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In 2007, 93% of the opiates on the world market originated in Afghanistan.
Thousands of US Marines poured into Afghanistan's southern Helmand province this week to take the battle against the Taliban to the foe's stronghold. But in a startling departure from decades of US anti-drug policy, eradicating Helmand's massive opium poppy crop will not be part of their larger mission.
But in 2000 the Taliban banned opium production, a first in Afghan history. In 2000, Afghanistan's opium production still accounted for 75% of the world's supply. On 27 July 2000, the Taliban again issued a decree banning opium poppy cultivation. According to opioids.com, by February 2001, production had been reduced from 12,600 acres (51 km2) to only 17 acres (7 ha). When the Taliban entered north Waziristan in 2003 they immediately banned poppy cultivation and punished those who sold it.
Mullah Amir Mohammed Haqqani, the Taliban's top drug official in Nangarhar, said the ban would remain regardless of whether the Taliban received aid or international recognition. "It is our decree that there will be no poppy cultivation. It is banned forever in this country," he said. "Whether we get assistance or not, poppy growing will never be allowed again in our country."
However, with the 2001 US/Northern Alliance expulsion of the Taliban, opium cultivation has increased in the southern provinces liberated from the Taliban control, and by 2005 production was 87% of the world's opium supply, rising to 90% in 2006.
Although there is no evidence that the CIA directly supported the Taliban or Al Qaeda, some basis for military support of the Taliban was provided when, in the early 1980s, the CIA and the ISI (Pakistan's Inter-Services Intelligence agency) provided arms to Afghans resisting the Soviet invasion of Afghanistan, and the ISI assisted the process of gathering radical Muslims from around the world to fight against the Soviets. Osama Bin Laden was one of the key players in organizing training camps for the foreign Muslim volunteers. The U.S. poured funds and arms into Afghanistan, and "by 1987, 65,000 tons of U.S.-made weapons and ammunition a year were entering the war."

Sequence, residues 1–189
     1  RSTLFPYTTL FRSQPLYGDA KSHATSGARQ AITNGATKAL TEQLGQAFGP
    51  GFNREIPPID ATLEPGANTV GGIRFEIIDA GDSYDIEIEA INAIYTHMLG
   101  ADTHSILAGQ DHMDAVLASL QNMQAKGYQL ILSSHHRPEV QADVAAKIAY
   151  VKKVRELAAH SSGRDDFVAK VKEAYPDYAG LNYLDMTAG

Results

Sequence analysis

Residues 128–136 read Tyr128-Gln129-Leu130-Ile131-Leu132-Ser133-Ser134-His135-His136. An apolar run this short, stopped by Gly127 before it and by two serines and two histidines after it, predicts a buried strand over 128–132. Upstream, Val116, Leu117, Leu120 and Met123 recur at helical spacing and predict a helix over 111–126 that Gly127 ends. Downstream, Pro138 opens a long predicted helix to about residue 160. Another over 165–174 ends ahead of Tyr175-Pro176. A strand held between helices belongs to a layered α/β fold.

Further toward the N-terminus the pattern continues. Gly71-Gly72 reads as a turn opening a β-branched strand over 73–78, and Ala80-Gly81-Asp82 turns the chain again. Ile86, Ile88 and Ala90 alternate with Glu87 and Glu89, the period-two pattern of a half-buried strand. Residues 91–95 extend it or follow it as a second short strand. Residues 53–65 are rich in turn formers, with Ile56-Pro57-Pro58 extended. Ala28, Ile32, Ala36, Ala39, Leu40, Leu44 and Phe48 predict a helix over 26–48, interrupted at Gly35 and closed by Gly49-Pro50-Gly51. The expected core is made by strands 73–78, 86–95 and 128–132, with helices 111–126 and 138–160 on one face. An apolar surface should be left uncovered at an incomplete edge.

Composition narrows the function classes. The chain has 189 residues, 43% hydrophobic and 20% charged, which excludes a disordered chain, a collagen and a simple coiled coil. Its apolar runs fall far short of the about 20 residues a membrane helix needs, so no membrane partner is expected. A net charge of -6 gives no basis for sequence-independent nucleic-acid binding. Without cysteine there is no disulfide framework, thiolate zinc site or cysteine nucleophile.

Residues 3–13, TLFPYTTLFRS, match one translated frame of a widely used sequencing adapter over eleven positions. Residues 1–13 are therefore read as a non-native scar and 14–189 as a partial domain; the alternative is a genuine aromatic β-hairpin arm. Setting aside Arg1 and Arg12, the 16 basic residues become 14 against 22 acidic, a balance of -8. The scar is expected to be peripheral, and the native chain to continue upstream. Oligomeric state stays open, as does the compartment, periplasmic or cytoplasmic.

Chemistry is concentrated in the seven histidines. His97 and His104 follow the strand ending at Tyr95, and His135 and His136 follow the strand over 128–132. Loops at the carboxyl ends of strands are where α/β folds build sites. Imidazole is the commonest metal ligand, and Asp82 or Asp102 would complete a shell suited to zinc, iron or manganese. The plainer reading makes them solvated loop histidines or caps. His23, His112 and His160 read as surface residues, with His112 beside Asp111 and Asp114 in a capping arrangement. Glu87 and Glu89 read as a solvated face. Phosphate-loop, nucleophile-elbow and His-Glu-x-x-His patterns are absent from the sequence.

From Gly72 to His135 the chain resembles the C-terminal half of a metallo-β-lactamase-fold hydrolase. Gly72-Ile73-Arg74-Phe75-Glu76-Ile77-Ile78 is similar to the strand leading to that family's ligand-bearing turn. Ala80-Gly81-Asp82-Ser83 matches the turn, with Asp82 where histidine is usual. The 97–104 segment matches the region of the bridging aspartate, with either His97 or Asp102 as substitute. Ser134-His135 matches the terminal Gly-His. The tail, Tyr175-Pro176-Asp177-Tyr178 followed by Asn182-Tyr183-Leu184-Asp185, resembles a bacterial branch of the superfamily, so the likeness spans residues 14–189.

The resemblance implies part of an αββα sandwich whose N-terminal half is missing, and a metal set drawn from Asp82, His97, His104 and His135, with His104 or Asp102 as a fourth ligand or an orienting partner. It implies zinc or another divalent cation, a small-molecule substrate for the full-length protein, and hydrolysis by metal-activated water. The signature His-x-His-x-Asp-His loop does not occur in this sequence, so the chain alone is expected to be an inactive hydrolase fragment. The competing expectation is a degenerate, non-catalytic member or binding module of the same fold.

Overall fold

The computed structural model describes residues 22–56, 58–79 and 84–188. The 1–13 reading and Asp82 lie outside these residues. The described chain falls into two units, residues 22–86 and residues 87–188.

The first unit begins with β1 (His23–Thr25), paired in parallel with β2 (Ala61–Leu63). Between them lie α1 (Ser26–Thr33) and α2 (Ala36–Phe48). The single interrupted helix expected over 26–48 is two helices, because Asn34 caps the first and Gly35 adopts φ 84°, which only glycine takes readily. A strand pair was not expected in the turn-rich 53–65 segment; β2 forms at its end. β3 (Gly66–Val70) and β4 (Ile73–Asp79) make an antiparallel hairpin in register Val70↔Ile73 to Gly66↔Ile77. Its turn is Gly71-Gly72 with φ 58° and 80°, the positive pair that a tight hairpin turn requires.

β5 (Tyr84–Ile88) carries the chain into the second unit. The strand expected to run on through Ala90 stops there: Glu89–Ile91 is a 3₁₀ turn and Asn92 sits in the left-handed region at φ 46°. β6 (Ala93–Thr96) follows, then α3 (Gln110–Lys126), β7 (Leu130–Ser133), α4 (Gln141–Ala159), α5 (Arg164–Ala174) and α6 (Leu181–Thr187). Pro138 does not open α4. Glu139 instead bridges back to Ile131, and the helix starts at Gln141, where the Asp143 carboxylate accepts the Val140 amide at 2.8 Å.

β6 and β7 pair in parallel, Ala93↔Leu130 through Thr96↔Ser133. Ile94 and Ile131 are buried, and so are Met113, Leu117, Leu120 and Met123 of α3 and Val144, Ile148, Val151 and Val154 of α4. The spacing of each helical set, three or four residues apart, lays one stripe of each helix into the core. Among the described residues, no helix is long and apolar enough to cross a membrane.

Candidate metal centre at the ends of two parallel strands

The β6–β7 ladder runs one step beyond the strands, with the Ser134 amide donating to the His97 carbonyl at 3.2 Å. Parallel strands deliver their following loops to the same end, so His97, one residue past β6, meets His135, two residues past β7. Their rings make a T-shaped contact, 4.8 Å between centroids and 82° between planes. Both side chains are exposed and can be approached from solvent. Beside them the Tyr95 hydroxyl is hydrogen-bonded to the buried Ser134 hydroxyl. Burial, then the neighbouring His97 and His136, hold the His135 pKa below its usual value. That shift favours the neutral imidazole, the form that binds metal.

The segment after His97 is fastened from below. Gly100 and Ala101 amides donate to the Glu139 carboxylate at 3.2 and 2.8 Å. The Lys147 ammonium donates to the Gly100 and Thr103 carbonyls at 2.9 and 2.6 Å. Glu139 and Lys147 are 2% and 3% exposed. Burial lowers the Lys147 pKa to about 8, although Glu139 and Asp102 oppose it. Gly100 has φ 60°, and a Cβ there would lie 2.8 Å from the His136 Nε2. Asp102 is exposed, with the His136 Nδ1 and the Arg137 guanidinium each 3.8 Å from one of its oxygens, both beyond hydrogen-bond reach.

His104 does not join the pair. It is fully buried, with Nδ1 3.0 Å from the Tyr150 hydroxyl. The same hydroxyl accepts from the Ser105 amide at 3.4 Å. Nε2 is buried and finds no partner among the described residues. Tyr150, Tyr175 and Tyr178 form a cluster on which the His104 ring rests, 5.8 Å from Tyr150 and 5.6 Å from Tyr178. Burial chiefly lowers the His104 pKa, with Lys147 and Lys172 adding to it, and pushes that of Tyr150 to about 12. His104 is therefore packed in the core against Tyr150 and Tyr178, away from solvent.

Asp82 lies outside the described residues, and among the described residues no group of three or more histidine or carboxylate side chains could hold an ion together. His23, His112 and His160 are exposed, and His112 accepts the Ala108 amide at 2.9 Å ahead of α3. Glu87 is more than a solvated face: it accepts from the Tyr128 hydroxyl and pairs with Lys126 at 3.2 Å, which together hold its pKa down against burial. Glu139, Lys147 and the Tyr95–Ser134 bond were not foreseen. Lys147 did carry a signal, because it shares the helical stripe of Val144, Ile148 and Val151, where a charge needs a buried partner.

The Jewish Encyclopedia of 1905, states that Sassoon expanded his opium trade into China and Japan. He placed his eight sons in charge of the various major opium exchanges in China. According to the 1944 Jewish Encyclopedia: "He employed only Jews in his business, and wherever he sent them he built synagogues and schools for them. He imported whole families of fellow Jews. . . and put them to work."
In the new "Peace Treaty" of Oct.25, 1860, the British were assigned rights to vastly expanded opium trade covering seven-eights of China, which brought in over 20 million pounds in 1864 alone. In that year, the Sassoons imported 58,681 chests of opium and by 1880 it had skyrocketed to 105,508 chests making the Sassoons the richest Jews in the world. England was given the Hong Kong peninsula as a colony and large sections of Amoy, Canton, Foochow, Ningpo and Shanghai.
Sassoon married Aline Caroline de Rothschild in 1887 which linked their fortune with that of the Rothschilds.
Following the Battle of Plassey in 1757, in which Britain annexed Bengal to its empire, the British East India Company pursued a monopoly on production and export of Indian opium.
Mayer Amschel Rothschild sent some of William's money to his son Nathan in London, and according to the Jewish Encyclopedia: "Nathan invested it in 800,000 pounds of gold from the East India Company..